Patient report

After an extensive bioinformatic data analysis, we examine which existing and experimental treatments match the characteristics (biomarkers) of the tumour, both for registered and off-label indications. We use global knowledge gathered in specialised databases and overviews of ongoing research in the Netherlands to do this.

All relevant molecular data and treatment options are summarised in the OncoAct patient report. This gives the treating physician as complete an overview as possible of the cancer-related DNA mutations in the patient.

The patient report contains the following detailed information:

  • a general summary of relevant clinical evidence

  • available medication that may work for the DNA mutations that were found

  • extensive molecular details to support a treatment choice

The patient report also provides insight into:

  • tumour-specific mutations, amplifications, deletions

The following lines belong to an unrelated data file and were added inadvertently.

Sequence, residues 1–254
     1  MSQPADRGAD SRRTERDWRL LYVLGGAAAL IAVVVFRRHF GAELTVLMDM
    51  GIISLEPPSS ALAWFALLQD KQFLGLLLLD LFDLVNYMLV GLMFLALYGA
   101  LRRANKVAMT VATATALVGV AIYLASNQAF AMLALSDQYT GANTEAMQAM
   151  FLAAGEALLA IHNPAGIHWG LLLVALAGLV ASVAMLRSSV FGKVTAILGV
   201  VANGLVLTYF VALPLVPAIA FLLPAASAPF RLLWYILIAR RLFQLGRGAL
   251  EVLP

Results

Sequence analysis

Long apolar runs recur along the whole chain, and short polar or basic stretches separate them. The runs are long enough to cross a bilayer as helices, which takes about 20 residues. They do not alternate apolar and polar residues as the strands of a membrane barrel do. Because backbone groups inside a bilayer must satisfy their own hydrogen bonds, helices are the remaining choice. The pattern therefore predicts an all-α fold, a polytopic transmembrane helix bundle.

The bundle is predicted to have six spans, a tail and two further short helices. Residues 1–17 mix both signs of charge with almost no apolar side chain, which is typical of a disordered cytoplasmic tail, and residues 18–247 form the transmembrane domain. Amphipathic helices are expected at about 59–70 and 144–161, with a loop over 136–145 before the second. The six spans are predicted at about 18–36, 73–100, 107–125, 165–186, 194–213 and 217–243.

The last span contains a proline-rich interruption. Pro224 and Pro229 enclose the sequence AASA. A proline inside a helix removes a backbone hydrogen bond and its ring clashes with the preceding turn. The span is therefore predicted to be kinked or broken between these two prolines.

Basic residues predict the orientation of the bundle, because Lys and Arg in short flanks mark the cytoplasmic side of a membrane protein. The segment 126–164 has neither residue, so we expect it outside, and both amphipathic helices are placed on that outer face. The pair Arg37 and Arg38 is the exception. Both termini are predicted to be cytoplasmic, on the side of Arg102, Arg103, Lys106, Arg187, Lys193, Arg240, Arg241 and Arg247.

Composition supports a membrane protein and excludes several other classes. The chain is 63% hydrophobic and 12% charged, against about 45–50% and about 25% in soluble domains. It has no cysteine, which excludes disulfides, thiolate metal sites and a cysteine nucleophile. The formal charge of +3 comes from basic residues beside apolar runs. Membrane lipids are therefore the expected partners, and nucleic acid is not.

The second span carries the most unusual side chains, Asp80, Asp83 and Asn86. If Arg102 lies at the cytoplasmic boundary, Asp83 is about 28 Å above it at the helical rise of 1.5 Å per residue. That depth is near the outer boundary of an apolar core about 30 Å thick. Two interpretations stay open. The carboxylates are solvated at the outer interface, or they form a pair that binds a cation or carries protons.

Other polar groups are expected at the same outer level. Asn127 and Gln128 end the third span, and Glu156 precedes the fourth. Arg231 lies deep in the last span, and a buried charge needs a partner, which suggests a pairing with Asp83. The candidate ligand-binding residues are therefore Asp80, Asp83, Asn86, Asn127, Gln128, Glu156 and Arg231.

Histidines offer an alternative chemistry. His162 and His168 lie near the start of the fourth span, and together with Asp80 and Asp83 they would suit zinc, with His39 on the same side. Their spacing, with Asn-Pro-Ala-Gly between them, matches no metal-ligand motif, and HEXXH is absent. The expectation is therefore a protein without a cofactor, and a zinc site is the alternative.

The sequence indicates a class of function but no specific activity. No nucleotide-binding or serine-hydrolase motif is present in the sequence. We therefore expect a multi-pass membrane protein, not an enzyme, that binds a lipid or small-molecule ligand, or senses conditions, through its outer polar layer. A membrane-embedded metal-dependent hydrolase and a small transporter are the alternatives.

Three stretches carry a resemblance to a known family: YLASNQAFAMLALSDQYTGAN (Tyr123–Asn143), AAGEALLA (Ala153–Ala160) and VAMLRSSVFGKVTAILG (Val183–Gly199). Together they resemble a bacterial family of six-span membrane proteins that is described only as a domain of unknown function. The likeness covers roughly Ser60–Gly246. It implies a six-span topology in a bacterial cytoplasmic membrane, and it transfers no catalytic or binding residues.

• mutational load/mutational burden

  • microsatellite instability

  • presence of fusion genes as a result of translocations

  • the opportunity to participate in clinical studies in the Netherlands

The summary contains an overview of genes with potential actionable mutations and various general tumour characteristics, such as microsatellite instability (MSI) and tumour mutational load (TML). These characteristics are important for immunotherapy options.

Click here for an example of the patient report.

What is included in the patient report?

The results of all existing DNA tests in one report

What is included in the patient report?

A summary of the outcomes that are relevant to a possible treatment